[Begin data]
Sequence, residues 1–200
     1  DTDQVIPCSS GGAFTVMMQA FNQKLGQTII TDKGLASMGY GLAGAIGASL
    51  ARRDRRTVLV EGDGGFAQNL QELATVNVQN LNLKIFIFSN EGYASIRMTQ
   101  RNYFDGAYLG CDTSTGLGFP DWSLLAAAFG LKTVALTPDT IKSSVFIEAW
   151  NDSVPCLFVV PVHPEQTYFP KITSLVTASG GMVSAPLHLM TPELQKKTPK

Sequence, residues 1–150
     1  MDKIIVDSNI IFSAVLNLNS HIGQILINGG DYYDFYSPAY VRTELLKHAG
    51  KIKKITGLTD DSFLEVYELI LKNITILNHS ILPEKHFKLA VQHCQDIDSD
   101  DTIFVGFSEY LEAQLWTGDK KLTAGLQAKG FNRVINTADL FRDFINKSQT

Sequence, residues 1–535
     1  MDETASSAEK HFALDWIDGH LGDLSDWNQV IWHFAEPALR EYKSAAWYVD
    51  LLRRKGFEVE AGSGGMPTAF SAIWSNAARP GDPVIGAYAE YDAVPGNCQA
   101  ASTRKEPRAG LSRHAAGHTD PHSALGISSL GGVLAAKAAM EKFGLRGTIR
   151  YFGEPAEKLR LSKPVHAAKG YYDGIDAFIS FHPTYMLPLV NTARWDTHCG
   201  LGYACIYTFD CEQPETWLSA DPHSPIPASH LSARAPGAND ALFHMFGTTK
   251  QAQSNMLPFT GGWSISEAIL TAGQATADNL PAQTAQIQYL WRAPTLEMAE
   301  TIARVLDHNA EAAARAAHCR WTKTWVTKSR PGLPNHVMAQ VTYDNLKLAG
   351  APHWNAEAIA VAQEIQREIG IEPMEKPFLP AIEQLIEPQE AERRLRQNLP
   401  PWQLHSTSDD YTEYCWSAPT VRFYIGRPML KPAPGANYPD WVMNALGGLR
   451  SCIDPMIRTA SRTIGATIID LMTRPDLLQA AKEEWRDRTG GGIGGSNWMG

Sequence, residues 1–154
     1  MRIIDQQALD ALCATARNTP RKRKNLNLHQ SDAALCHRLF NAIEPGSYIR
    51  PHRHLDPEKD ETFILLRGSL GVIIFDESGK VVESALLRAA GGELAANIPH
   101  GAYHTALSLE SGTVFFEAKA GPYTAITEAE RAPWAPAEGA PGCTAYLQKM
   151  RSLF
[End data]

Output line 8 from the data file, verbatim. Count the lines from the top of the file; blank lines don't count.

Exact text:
    51  KIKKITGLTD DSFLEVYELI LKNITILNHS ILPEKHFKLA VQHCQDIDSD